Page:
Travels in his youth between
his birthplace in California, his parents birthplace in Michigan, and where the
family eventually settled in Louisiana gave plenty of scenic inspiration to
Steve Zihlavsky as a child, especially the great many state and national parks
he visited; Death Valley, Grand Canyon, Petrified Forest, Redwood, Seguaro,
Sequoia, Yellowstone, and Yosemite to name a few as of age four. Although a
creations' natural beauty is among his favorite expressions in art, he knew he
could never improve on perfection, and so, leans toward the expression of
thought and quirks unusual in much of his work.
|Stained Paper Towel Window|
Music and art were always commonplace in the Zihlavsky home, both parents playing multiple instruments, singing and a variety of artistic talents as well. Art was encouraged at an early age, but each of the children were allowed to express themselves however they chose. Being poor allowed only so much in the way of artistic supplies, this is where Steve excelled in creativity and ingenuity. Paper, cardboard, glue, pencils, crayons and the like were always readily available, and, he made the most of them, as well anything else he could repurpose. The late Mrs. Virginia Strahan, Steves' 7th grade art teacher was likely the most influential force in his youth, as she inspired him and educated him in numerous genres of art, and even unbeknownst to him, submitted his art in a contest at the local library which, after winning several 1st and 2nd place ribbons, gave him the goad to continue pursuing his passion.
Emerging to the professional art scene, Steve has only participated in regional (Northwest Louisiana) art shows and events such as Artini with the Bossier Arts Council, the Fine Arts Market on the Bossier Boardwalk, Art Walk at Villaggio, and the Spring Arts Festival in Minden, LA. He has produced and collaborated on several murals in private homes, and as contract labor with Alice Bahler on the Tourist Bureau Welcome Center mural in downtown Shreveport, LA.
Recently his art was part of 'Bona Fide 2' and 'Critical Mass' at ArtsSpace in Shreveport, Louisiana, and for the grand opening of Central Art Station, the new home of Shreveport Regional Arts Council. Private collections account for most of his sales, but much more can be seen on his facebook page: Steve Zihlavsky – Artist.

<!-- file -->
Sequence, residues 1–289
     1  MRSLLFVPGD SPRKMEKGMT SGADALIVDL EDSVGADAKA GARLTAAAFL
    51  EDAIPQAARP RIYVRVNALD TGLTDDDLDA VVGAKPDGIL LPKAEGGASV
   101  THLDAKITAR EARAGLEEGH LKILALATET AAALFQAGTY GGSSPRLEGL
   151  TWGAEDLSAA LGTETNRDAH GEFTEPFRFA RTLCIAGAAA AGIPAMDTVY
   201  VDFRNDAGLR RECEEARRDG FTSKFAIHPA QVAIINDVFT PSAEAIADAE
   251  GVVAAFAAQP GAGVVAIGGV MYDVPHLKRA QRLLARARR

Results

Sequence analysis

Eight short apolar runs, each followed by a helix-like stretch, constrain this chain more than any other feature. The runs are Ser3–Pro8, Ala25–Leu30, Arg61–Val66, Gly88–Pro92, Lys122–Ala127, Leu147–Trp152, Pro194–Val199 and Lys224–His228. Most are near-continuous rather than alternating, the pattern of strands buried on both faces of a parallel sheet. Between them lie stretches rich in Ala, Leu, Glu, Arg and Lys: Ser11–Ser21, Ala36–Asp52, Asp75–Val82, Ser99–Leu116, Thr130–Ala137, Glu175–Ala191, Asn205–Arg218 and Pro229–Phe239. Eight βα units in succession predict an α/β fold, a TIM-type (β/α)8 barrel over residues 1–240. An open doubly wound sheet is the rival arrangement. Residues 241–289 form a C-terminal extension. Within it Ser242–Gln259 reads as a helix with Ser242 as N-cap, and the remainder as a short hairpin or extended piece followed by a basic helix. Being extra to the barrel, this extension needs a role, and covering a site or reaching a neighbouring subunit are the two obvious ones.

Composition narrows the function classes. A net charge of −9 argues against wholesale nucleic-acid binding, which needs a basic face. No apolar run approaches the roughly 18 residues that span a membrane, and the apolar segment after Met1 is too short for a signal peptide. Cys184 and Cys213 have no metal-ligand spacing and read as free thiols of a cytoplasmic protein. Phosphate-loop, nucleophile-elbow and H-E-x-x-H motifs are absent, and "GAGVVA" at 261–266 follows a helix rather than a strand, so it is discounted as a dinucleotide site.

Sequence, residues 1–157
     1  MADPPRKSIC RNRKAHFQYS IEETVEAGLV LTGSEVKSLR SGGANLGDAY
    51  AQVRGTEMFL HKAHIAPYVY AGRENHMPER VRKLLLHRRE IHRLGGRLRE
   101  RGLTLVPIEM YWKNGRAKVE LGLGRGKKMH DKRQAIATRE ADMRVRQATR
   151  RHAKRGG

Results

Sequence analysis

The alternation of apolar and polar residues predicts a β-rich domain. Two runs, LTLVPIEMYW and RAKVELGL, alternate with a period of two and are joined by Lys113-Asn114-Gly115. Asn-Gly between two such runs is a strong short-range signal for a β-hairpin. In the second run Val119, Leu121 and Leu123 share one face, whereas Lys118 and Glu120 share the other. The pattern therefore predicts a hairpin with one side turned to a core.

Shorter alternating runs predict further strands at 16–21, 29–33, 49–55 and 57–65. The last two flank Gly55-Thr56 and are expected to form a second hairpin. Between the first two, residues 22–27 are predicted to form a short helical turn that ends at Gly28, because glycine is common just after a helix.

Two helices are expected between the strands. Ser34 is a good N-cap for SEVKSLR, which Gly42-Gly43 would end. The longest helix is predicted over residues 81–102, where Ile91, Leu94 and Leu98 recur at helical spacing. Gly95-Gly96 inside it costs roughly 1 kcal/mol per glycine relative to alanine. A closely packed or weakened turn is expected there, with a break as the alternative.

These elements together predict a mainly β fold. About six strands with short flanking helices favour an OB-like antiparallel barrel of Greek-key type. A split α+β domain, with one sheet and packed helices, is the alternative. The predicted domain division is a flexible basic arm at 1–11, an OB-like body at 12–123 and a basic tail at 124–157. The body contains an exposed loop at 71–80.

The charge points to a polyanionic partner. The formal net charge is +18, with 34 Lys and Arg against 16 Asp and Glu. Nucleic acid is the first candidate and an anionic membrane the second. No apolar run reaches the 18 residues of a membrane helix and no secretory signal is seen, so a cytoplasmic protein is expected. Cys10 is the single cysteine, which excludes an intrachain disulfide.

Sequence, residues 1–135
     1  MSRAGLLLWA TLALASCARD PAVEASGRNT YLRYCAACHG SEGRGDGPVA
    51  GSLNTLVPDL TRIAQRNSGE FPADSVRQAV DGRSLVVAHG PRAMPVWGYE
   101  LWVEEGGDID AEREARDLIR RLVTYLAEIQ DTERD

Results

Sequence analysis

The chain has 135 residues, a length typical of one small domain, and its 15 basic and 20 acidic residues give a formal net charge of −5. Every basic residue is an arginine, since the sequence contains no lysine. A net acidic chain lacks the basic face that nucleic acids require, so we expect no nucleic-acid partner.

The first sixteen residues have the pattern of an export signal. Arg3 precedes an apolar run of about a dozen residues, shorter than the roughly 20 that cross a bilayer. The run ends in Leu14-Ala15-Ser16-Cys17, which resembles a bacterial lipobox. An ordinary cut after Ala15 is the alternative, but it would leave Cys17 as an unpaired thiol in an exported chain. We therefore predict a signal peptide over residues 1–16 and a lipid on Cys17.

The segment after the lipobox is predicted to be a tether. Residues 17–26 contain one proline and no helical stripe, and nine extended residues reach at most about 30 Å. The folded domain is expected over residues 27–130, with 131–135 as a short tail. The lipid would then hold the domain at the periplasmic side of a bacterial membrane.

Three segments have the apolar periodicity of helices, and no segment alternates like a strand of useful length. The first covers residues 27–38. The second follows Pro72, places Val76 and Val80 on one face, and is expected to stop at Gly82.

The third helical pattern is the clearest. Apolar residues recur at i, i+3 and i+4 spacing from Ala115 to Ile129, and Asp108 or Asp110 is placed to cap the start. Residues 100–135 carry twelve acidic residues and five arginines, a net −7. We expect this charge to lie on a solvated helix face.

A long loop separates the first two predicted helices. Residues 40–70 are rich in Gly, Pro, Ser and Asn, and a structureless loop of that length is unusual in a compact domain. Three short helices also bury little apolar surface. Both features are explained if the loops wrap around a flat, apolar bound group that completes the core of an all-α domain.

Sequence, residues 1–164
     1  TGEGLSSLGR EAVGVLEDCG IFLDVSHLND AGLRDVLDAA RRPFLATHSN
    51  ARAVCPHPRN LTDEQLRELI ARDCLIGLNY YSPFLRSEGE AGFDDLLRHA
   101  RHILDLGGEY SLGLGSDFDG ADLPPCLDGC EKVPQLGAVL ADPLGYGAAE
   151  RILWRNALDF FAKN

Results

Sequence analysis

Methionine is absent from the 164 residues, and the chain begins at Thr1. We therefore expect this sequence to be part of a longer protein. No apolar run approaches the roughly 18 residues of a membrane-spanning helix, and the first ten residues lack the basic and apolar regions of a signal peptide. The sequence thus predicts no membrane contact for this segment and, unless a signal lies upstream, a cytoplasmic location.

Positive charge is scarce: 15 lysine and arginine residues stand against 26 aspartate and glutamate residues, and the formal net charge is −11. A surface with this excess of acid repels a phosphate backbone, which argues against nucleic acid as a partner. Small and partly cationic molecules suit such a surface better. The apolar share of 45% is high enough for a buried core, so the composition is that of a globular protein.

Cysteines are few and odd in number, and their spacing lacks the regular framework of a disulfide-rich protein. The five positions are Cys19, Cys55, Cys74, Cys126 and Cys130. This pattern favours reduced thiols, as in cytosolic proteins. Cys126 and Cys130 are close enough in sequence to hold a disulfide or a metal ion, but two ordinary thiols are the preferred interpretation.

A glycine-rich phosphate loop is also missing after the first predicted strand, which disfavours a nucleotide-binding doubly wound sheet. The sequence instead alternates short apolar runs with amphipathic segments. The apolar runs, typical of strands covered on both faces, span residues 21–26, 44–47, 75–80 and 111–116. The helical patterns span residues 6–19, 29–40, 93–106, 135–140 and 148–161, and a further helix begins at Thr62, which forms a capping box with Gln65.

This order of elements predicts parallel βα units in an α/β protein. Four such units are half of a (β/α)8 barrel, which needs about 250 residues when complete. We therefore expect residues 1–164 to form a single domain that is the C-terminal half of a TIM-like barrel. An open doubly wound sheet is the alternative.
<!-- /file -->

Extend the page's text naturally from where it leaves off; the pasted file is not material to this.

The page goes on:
In Steve's own words:
"I make things.
It can be a crystal clear vision that inspires or an incendiary desire to make without any idea where to start, be complete in a day, or take months, years, decades to find the end. Each of my creations are cared for as a child, including getting occasional bumps, bruises, and discipline and, just the right attention. I put no date on most anymore, for so many of them gestate for lengths of time unknown, and I do not recall when the inception began.
I almost exclusively use found items, job site refuse, trash and reclaimed materials, partly to keep such out of the landfills, but mostly because I see the continued usefulness of them to pretty up the world we live in. It is a lot more labor using these materials than pristine items from the art store, but gives me hope that even the worst of who we are and what we make on this planet can be improved on, rejuvenated, and maximized. Our disposable society may see little or no use for what it chucks to the curb but, if possible, I and artists like myself hope to change that.
I'm not attempting to make a statement with my art – there is no political or environmental agenda – but I do want people to know what it is they discard, often, has great potential, especially in the wasteful world we live in. I leave the mill marks and rust on reclaimed wood and metal or, otherwise allow the obviously discarded character of my materials to shine through with its' own beauty or story. This is one of many facets of my art and why I make it using the materials I do.
There is no end to that which inspires me and, until I'm out of my mind or breath, I'll continue with the making of things." -Steve Zihlavsky
The Gallery Fine Art Center is a project of the Bossier Arts Council and is made possible through the generous contributions of Meredith Hamrick, Ken and Sharon McGivney, Marcy Everett and the Airline Plaza. For more information on these artists, the Bossier Arts Council and the Gallery Fine Art Center please call (318) 741-8310 or check out out website, www.bossierarts.org